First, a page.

Mid-fat? Infinifat? There are a lot of terms that have made their way into our vernacular as fat women over the past few years, popularized by something called “the fatness spectrum.”

I want to make it clear I don’t have any issues with people using this to define their body types, but the fatness spectrum, to me, is perhaps more polarizing than I think a lot of people admit. As somebody who respects bodies of all shapes, sizes, and races, the fatness spectrum has a few flaws to me which I’ll go over in detail here.

what is the fatness spectrum?

The origins of the fatness spectrum are still a little unclear to me. Here, the Nolose community, which was as far as I’m aware an annual conference/meet-up held for gay, fat people, coined the terminology in 2008. The spectrum was basically created to associate being fat with positive vibes. Nowadays, you can easily see infographics and the like explaining the fat spectrum, but here are the sparknotes.

brief rundown of the levels of fat

straight size

Someone who isn’t overweight.


This is a term that’s risen to fame on Instagram/TikTok a lot in recent years. Some people feel they don’t fit into a fat category, but at the same time they’re not super skinny. Generally their dress size will be around a 12/14.

small fat

By dress size, this is someone who’s a size 18 or below. They’re technically overweight, but can still shop at most normal stores.


This ranges from a size 20-26.

large fat

A size 26-32.


This was coined by the Nolose community that I made reference to earlier. It is used by people with a dress size of 26 and up, and is intended to be a positive spin on being “obese.”


I kind of like this term’s vibes, as someone who is no longer ashamed of being fat. It was coined by Ash of The Fat Lip podcast, and technically refers to anyone who’s a size 34 and above.

Okay, so, that’s it in a nutshell. I’m going to get kind of militant here, but that’s one of the reasons why I started this blog anyway, so buckle in or whatever.

the issues with using dress size to denote levels of fatness

Fat is not a dress size. I get it’s fun to create “levels” of fatness so you can feel included, but ironically, taller fat bodies, or height in general, is not included in this chart.

As a tall BBW, there are certain challenges you face that shorter BBWs won’t, so where do we fit in on this scale? I’m nearly 5 foot 11. My legs are really long, and big. As a result I am very heavy, probably heavier than most think. I guarantee you that I weigh more as a size 22/24 than a lot of “large fat” women, who are technically in the category above me on the spectrum. 

One of the factors the fat spectrum champions love to mention is weight as a barrier to doing things. My weight has restricted me from using exercise equipment, among other things, but what I get when I read about the different levels of fat is that other fat bloggers don’t really feel much empathy for people in this “mid fat” range.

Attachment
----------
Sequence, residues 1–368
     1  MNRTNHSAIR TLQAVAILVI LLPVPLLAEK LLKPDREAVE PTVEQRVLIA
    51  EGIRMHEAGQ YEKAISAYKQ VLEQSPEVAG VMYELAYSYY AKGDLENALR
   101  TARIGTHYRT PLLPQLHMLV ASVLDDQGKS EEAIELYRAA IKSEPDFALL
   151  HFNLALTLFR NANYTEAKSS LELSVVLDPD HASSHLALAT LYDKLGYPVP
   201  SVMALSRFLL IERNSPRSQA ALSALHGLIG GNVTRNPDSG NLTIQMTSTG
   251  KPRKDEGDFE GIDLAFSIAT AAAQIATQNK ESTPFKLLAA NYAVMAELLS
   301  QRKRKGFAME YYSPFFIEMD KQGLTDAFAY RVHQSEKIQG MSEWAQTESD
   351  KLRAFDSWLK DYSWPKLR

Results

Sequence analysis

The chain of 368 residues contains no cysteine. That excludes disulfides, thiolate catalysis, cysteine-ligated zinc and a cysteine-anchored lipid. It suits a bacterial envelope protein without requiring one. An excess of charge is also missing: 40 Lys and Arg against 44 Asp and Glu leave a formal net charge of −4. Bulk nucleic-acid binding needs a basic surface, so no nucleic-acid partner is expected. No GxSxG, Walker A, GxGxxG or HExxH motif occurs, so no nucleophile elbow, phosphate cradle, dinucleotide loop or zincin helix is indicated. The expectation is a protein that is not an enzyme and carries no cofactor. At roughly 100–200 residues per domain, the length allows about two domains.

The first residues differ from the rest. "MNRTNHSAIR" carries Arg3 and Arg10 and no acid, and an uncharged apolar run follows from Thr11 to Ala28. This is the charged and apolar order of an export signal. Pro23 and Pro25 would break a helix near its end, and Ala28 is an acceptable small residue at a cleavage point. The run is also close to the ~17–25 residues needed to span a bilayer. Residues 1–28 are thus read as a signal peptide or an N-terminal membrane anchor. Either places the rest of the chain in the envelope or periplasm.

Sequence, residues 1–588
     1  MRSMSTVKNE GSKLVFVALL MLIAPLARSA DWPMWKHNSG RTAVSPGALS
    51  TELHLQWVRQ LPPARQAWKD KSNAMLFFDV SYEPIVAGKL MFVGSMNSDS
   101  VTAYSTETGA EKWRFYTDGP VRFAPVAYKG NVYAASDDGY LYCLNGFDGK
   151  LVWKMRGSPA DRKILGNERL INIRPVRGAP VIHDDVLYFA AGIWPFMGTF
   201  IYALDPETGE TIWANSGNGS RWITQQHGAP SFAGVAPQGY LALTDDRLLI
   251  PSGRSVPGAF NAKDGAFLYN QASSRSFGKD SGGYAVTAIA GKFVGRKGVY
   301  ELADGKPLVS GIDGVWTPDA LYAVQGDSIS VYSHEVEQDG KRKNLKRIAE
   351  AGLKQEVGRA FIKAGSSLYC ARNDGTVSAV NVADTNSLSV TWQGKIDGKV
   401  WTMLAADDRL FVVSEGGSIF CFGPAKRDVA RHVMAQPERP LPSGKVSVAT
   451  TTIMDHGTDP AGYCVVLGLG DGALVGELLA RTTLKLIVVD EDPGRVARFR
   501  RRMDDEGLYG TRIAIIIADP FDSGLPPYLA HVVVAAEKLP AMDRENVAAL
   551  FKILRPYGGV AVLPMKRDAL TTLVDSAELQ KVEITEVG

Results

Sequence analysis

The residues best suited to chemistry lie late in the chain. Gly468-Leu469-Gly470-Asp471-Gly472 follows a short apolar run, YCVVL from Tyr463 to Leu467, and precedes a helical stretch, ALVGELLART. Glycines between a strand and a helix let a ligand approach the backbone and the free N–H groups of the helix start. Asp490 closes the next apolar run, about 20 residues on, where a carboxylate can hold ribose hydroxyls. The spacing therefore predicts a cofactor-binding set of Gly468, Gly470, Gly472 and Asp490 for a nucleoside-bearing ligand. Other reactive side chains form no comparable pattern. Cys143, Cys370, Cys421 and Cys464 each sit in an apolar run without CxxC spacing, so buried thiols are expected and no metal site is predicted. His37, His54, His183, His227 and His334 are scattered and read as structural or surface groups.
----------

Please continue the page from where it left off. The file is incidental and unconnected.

Fat is not a dress size. It’s being bullied for being a “hippo” because you’re bigger and taller than everyone else, and this will happen to girls growing up no matter which “range” they fall into.

the issues with creating boundaries in the first place

It’s very ironic that, as fat people, we’ve created our own barriers for fatness. I’m telling you, as a tall plus, it’s wrong.

The very fact that fat people have created a chart, carving out a box that they can neatly “fit in” and identify with is sadly ironic, at best. As fat people, particularly growing up, we were constantly told we don’t fit in anywhere and it was the absurd boundaries created by a weight-loss obsessed society that ultimately made us feel left out. 

nobody has a patent on being fat

This is something that I’ve started to notice a lot more of late, with fat women in our community become more “militant” about fatness.

The messaging on some fat blogs is that women who are small, or even medium fats or under don’t really have anything to complain about because they can mostly shop at traditional stores and being overweight doesn’t affect their life.

As myself and the other writers on this website can attest to, it is incredibly difficult trying to find clothes full stop if you are plus size and tall. It is a serious challenge trying to find jeans with a 33 inch inseam that will fit my size 24 ass. Sarah, my friend who also contributes to the site occasionally, is over 6 feet tall and a size 20. According to a lot of fat bloggers, she shouldn’t have anything to complain about, but she can’t shop at most regular stores at all. 

Who, honestly, is to say that trying to find pants in a 34 inch inseam and a size 20 is more difficult than trying to find pants in a size 32? We need to stop trying to claim things to make ourselves feel better, and acknowledge that if you are over a certain size, clothes, working out, doctor’s appointments, and life in general is going to be tough.

everybody love everybody?

I’m not “bashing” those who use the fatness spectrum, but it is a very rigid guideline and can be looked at as a mechanism to isolate others who don’t quite fit in. We are fat. We’ve all faced derision and obstacles in this society as a result. 

At the end of the day, it doesn’t matter how fat you are, all that matters is you respect all body types and don’t discriminate based on physical appearance or anything else, for that matter. In the immortal words of Jackie Moon: ELE; everybody love everybody.